Being chief of the SS-WVHA, Pohl was one of the most powerful and important leaders in the Reichsführung-SS. Pohl was in direct contact with Himmler. After the war, he told he saw Himmler continuously at the start of his career and later, when he was given his important functions, he had a meeting with the Reichsführer-SS every three months. On April 20, 1942, Pohl was promoted to SS-Obergruppenführer und General der Waffen-SS, making him equal in rank to Reinhard Heydrich for instance. Despite Heydrich being the most important man in the SS, second only to Himmler, in some aspects, Himmler could lean more on Pohl. The intelligent Heydrich had risen to a position within the SS where he was powerful and independent. Himmler may well have been his boss but Himmler never had complete control over him. Pohl on the contrary was aggressive and demanding towards his subordinates and officials of party and government but he accepted Himmler’s leadership unconditionally. He considered every wish of Himmler an order and would not allow any criticism be voiced about his boss. Historian Richard Breitman even claims in his biography of Himmler that Pohl was to Himmler what Himmler was to Hitler until very late in the war.
A fine example of the mutual bond between Himmler and Pohl is his marriage to wealthy Eleonore von Brüning. Pohl had already married on October 30, 1918 but after his divorce in 1936, he lived as a bachelor. In March 1942, Himmler suggested Pohl he should pay a visit to the widow Von Brüning whom he held in high regard. This suggestion did not remain without consequence as Pohl and Eleonore von Brüning were married on December 12, 1942. The wedding ceremony took place at Himmler’s field headquarters. An additional advantage to Himmler was that Eleonore von Brüning was the widow of Ernst Rüdiger von Brüning, the son of one of the founders of the firm Hoechster Farbwerke. From 1925 onwards, this firm was part of the important German enterprise IG Farben. The marriage between Pohl, a prominent SS leader and this woman with an influence on IG Farben was, in Himmler’s view, very advantageous to the SS.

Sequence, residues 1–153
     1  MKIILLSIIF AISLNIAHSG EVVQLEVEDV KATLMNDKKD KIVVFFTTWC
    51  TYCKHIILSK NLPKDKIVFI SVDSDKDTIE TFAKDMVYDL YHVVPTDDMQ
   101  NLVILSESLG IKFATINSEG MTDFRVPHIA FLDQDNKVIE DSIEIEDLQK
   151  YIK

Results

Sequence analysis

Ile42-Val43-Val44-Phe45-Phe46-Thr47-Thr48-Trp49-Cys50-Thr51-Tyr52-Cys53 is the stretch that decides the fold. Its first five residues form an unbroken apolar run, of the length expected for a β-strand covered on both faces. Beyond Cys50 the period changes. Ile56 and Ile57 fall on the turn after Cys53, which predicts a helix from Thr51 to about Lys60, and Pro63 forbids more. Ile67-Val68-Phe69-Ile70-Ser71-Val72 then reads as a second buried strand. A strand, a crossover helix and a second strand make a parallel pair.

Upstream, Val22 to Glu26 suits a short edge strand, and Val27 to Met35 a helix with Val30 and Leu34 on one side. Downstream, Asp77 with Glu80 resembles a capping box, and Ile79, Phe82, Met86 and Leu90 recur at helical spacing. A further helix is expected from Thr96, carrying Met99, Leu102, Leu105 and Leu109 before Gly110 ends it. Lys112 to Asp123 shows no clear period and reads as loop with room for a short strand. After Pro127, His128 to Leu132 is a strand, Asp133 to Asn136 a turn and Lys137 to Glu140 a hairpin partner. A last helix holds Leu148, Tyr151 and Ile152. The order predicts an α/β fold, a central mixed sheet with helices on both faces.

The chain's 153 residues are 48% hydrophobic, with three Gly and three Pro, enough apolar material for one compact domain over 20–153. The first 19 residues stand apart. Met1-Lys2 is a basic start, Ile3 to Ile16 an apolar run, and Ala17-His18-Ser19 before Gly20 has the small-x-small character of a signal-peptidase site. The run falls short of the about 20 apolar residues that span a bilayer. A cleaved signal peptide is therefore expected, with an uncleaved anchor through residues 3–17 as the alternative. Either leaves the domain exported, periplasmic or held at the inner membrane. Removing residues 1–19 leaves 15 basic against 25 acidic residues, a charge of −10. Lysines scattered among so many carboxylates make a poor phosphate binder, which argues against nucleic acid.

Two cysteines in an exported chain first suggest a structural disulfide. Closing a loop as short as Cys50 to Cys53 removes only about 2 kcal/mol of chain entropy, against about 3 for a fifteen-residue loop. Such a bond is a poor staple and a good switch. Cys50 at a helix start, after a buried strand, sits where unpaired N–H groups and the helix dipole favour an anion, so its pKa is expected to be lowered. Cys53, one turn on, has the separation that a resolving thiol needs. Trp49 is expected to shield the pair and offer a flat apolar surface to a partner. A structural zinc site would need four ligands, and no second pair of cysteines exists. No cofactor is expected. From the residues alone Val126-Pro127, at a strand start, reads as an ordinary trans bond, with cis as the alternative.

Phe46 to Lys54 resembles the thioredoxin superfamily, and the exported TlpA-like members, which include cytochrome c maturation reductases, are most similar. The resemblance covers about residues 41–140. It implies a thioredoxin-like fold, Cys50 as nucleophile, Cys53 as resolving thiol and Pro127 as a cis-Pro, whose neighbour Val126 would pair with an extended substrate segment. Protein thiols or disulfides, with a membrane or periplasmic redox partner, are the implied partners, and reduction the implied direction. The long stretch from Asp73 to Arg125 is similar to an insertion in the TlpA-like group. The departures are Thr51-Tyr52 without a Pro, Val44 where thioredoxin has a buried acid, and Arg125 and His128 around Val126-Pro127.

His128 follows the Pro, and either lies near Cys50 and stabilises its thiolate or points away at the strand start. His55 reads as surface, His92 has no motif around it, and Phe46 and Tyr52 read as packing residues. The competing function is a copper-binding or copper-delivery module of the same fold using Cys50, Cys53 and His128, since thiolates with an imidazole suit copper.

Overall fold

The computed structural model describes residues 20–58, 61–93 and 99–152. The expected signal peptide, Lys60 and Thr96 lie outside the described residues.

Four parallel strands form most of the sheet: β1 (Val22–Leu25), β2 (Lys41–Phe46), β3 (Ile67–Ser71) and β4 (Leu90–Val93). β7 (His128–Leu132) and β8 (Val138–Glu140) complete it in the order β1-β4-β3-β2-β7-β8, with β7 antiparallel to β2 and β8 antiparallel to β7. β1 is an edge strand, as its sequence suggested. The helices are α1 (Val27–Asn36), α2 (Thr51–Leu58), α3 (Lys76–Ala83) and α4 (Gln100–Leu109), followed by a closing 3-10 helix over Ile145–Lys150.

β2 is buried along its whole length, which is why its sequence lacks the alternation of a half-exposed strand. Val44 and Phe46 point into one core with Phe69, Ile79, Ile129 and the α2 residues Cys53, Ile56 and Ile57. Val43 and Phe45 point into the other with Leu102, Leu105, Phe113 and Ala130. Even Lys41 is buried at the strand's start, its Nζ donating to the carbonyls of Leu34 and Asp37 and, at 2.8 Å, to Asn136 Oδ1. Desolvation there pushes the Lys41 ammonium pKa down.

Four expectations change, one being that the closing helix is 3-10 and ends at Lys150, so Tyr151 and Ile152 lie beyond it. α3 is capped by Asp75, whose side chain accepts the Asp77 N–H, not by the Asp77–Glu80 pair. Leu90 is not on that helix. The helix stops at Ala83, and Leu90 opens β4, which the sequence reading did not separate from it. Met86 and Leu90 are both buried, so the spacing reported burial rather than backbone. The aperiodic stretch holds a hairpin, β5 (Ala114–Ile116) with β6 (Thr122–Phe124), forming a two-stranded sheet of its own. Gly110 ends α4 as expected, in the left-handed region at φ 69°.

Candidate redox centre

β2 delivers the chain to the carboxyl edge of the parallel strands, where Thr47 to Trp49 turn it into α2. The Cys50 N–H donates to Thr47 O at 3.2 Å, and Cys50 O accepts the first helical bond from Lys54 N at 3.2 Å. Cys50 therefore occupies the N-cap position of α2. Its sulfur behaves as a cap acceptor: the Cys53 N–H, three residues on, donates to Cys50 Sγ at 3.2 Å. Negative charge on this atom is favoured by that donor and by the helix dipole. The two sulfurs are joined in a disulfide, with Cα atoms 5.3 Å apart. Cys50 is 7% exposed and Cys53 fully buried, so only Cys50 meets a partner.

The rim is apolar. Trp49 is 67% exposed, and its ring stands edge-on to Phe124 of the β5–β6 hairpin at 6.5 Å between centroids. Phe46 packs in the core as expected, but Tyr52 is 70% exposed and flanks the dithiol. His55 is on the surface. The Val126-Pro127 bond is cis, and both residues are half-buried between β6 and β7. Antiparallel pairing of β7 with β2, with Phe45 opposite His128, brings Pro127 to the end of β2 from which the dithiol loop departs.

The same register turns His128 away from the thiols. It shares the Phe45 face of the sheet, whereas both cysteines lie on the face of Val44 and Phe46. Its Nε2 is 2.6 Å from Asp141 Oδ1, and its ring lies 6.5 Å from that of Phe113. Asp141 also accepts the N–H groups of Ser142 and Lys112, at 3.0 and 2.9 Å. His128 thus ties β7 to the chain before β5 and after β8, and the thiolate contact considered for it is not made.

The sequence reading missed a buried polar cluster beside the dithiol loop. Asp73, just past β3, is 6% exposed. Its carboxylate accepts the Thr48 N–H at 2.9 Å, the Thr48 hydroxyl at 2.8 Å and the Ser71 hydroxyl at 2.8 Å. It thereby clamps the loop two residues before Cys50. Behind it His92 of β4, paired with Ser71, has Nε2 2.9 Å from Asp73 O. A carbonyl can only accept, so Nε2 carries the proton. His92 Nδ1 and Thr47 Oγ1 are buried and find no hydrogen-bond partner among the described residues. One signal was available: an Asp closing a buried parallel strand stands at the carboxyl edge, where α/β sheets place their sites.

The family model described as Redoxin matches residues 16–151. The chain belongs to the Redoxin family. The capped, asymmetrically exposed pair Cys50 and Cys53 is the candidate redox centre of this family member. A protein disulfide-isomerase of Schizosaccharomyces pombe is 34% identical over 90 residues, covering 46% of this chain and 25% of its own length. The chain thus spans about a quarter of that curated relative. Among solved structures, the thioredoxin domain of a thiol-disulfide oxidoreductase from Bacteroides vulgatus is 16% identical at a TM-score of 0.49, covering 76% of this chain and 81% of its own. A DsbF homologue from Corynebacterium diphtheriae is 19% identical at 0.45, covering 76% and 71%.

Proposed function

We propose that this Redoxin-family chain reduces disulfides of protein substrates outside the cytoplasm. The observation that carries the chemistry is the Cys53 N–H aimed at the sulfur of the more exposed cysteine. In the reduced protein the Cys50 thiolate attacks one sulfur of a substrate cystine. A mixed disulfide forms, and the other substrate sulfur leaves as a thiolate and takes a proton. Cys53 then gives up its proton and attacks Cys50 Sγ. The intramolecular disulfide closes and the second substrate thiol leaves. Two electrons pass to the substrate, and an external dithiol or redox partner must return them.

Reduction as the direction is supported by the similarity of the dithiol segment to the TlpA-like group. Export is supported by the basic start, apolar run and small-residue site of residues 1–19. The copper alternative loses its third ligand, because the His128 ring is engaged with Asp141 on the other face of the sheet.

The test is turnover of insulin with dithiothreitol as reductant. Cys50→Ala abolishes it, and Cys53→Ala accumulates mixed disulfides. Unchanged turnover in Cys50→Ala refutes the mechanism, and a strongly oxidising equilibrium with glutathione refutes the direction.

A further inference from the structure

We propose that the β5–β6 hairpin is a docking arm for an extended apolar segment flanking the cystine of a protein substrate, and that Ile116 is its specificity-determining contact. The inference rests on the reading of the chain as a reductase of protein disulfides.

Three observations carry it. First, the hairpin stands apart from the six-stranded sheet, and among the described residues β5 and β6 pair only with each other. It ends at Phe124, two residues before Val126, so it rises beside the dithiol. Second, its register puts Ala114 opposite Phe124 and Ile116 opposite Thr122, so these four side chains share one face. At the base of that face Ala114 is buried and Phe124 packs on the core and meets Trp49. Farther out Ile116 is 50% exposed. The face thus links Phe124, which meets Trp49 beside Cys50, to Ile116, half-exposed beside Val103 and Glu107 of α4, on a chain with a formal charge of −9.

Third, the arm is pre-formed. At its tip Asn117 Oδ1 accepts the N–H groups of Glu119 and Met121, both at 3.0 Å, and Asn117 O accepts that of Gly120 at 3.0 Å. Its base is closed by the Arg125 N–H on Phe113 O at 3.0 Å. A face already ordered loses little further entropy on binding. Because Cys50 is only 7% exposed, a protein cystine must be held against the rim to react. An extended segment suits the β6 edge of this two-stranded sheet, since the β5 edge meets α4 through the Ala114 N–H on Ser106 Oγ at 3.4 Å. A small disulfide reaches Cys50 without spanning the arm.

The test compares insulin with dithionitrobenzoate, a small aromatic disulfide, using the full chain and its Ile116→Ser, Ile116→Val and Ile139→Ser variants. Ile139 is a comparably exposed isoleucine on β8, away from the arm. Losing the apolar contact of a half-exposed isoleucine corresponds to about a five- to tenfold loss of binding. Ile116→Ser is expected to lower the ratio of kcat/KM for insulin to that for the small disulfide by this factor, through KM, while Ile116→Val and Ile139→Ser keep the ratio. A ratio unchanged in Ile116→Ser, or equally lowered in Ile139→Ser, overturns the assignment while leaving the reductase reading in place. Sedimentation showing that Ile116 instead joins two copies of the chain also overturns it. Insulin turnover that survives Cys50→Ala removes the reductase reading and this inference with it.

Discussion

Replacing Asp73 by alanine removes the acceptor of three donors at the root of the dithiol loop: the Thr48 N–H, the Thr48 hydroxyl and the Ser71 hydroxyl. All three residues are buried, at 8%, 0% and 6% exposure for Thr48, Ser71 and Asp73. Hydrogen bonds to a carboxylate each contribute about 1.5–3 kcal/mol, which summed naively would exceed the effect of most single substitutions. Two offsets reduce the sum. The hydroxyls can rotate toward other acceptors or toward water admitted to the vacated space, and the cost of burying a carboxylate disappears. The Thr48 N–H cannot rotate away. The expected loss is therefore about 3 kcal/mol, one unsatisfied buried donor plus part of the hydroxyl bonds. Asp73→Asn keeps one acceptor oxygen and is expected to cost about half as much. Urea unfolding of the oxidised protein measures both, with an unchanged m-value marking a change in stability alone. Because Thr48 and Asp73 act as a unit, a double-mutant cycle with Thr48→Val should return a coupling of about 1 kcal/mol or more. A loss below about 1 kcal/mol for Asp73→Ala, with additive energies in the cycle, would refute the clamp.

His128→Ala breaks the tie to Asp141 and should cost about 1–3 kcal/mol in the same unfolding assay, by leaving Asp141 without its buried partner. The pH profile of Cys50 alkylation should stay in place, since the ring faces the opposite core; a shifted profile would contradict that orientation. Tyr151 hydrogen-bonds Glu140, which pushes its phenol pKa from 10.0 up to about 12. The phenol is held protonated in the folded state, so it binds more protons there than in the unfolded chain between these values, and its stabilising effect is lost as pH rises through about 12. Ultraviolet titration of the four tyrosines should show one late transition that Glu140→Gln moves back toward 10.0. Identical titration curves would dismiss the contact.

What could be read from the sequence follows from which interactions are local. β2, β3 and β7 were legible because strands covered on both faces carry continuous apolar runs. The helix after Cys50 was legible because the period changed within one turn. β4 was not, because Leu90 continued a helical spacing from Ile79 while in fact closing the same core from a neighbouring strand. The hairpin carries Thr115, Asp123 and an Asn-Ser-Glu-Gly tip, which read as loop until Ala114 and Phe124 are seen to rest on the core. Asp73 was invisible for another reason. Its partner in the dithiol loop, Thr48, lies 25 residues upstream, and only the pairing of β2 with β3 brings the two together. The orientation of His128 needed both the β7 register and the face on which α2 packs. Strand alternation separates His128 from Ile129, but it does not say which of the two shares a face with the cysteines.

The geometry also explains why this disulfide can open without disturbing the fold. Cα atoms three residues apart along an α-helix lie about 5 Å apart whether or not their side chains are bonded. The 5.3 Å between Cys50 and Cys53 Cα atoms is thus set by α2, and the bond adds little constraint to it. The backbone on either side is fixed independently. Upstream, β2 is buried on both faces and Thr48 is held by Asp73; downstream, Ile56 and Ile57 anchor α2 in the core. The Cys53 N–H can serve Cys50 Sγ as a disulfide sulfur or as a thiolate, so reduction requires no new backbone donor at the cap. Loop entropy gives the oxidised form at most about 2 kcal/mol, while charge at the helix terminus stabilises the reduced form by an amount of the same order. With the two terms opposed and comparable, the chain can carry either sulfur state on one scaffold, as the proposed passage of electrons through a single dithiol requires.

The SS-WVHA and the Endlösung
Within Amtsgruppe D 1 of the SS-WVHA, SS-Brigadeführer Richard Glücks (Bio Glücks) was responsible for the management of the concentration camps. Around 1942 though, extermination camps were established and policy towards non-Jewish prisoners in particular changed. While in concentration camps inmates mainly perished because of the abysmal conditions, in extermination camps, Jews were consciously and efficiently murdered in gas chambers according to a well organized and assembly line procedure. The Endlösung was not the main goal of the SS-WVHA but of the RSHA (Reichssicherheitshauptamt or main office of state security). Pohl’s office however did provide logistic and administrative support to the Endlösung and tried in all manners possible to make a profit out of the mass murders in the concentration camps.